Book Image

Modern Python Cookbook - Second Edition

By : Steven F. Lott
Book Image

Modern Python Cookbook - Second Edition

By: Steven F. Lott

Overview of this book

Python is the preferred choice of developers, engineers, data scientists, and hobbyists everywhere. It is a great language that can power your applications and provide great speed, safety, and scalability. It can be used for simple scripting or sophisticated web applications. By exposing Python as a series of simple recipes, this book gives you insight into specific language features in a particular context. Having a tangible context helps make the language or a given standard library feature easier to understand. This book comes with 133 recipes on the latest version of Python 3.8. The recipes will benefit everyone, from beginners just starting out with Python to experts. You'll not only learn Python programming concepts but also how to build complex applications. The recipes will touch upon all necessary Python concepts related to data structures, object oriented programming, functional programming, and statistical programming. You will get acquainted with the nuances of Python syntax and how to effectively take advantage of it. By the end of this Python book, you will be equipped with knowledge of testing, web services, configuration, and application integration tips and tricks. You will be armed with the knowledge of how to create applications with flexible logging, powerful configuration, command-line options, automated unit tests, and good documentation.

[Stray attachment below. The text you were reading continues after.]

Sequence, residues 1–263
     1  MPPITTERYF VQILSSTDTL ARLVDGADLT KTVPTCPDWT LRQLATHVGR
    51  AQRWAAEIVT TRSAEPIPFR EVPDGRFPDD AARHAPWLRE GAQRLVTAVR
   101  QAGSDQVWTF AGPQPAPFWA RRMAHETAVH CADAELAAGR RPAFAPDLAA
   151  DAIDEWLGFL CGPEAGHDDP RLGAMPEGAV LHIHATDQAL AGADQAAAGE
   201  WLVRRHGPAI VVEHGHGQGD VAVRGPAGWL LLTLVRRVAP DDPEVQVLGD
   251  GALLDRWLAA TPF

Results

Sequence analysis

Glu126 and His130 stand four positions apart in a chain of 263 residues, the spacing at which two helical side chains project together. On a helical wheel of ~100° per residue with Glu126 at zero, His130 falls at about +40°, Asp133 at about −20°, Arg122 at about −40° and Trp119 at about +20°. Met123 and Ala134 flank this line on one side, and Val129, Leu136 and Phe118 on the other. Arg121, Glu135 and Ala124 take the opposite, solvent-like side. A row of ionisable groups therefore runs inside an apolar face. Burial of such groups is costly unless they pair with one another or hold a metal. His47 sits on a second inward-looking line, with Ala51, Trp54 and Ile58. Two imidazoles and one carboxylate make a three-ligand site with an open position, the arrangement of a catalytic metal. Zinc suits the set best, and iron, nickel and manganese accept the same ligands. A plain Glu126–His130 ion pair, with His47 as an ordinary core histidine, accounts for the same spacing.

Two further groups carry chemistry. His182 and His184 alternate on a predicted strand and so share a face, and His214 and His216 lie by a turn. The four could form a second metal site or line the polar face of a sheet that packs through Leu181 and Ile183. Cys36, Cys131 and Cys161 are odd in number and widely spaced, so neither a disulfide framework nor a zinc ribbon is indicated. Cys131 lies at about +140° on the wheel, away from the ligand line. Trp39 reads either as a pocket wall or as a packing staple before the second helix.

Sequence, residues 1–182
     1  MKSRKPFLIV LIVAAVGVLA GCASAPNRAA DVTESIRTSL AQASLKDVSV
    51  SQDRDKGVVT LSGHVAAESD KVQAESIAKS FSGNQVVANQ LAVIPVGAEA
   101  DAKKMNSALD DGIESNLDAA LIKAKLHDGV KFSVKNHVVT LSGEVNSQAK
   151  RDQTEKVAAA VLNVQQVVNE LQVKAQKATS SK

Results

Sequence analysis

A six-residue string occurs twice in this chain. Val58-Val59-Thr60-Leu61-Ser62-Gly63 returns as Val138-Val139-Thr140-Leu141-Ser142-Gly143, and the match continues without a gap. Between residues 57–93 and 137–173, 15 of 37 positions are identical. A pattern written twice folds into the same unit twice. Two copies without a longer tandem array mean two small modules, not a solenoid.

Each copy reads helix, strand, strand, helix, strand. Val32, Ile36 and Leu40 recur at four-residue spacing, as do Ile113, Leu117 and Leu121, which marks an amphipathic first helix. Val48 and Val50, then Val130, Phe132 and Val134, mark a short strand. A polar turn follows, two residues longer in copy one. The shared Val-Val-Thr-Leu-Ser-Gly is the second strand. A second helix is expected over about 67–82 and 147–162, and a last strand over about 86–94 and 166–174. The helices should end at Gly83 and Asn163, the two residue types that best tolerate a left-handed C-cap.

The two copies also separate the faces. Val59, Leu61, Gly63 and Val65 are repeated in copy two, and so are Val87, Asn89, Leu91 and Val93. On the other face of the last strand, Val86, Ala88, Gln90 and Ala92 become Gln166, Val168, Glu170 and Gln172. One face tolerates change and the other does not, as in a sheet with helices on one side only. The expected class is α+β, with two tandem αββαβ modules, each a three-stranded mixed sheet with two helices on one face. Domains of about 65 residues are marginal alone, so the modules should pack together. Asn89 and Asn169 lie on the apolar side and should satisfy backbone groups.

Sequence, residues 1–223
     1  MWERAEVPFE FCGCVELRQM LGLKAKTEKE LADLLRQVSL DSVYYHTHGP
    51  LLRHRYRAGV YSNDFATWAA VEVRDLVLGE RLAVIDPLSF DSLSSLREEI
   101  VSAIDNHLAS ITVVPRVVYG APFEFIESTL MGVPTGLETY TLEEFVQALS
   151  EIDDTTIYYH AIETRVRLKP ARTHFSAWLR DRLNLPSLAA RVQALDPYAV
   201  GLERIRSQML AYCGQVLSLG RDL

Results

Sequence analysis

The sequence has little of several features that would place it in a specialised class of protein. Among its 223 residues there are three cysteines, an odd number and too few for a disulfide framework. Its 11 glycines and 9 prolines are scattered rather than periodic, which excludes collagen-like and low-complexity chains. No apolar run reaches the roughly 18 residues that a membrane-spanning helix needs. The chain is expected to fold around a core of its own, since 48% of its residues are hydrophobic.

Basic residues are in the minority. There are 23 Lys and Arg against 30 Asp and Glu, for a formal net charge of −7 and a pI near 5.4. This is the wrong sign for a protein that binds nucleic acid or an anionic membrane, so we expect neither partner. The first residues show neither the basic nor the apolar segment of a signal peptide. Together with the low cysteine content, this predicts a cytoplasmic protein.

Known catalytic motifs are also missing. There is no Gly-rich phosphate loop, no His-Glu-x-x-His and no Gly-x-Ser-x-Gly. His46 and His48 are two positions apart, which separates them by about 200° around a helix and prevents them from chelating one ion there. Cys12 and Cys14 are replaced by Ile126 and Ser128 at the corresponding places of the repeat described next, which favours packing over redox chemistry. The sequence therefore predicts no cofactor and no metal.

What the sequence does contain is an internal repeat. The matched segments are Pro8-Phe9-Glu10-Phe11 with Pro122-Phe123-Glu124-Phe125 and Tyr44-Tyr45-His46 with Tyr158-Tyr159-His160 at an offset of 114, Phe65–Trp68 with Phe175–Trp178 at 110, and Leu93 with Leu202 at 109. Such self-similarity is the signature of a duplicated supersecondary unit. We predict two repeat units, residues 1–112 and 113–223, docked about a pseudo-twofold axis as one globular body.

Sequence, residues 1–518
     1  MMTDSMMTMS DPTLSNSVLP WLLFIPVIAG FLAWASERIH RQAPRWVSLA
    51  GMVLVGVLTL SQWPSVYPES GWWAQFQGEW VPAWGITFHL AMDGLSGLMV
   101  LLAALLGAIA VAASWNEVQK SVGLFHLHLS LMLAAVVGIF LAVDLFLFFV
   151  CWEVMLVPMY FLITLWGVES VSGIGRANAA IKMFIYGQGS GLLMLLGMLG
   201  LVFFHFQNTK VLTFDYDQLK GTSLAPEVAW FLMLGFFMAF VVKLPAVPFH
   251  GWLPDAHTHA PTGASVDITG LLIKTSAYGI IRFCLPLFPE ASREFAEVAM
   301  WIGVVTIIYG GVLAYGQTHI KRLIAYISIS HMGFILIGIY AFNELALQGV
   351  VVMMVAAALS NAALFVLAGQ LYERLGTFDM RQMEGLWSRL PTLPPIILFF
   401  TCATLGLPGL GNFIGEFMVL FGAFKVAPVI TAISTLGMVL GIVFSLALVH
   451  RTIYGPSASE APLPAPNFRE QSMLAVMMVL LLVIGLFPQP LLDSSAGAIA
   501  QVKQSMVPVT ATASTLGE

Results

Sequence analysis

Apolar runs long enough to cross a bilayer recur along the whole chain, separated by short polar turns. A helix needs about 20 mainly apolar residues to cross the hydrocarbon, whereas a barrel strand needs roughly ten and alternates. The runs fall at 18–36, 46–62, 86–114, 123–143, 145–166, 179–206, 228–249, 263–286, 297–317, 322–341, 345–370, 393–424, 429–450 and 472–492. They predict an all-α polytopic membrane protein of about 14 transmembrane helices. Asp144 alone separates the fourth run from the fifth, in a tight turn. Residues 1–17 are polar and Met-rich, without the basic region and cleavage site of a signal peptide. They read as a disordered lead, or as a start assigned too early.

Table of Contents (18 chapters)
Other Books You May Enjoy

Using input() and getpass() for user input

Some Python scripts depend on gathering input from a user. There are several ways to do this. One popular technique is to use the console to prompt a user for input.

There are two relatively common situations:

  • Ordinary input: We can use the input() function for this. This will provide a helpful echo of the characters being entered.
  • Secure, no echo input: This is often used for passwords. The characters entered aren't displayed, providing a degree of privacy. We use the getpass() function in the getpass module for this.

The input() and getpass() functions are just two implementation choices for reading from the console. It turns out that getting the string of characters is only the first step in gathering valid, useful data. The input also needs to be validated.

When gathering input from a user there are several tiers of considerations for us to make, including the following:

  1. The user interaction...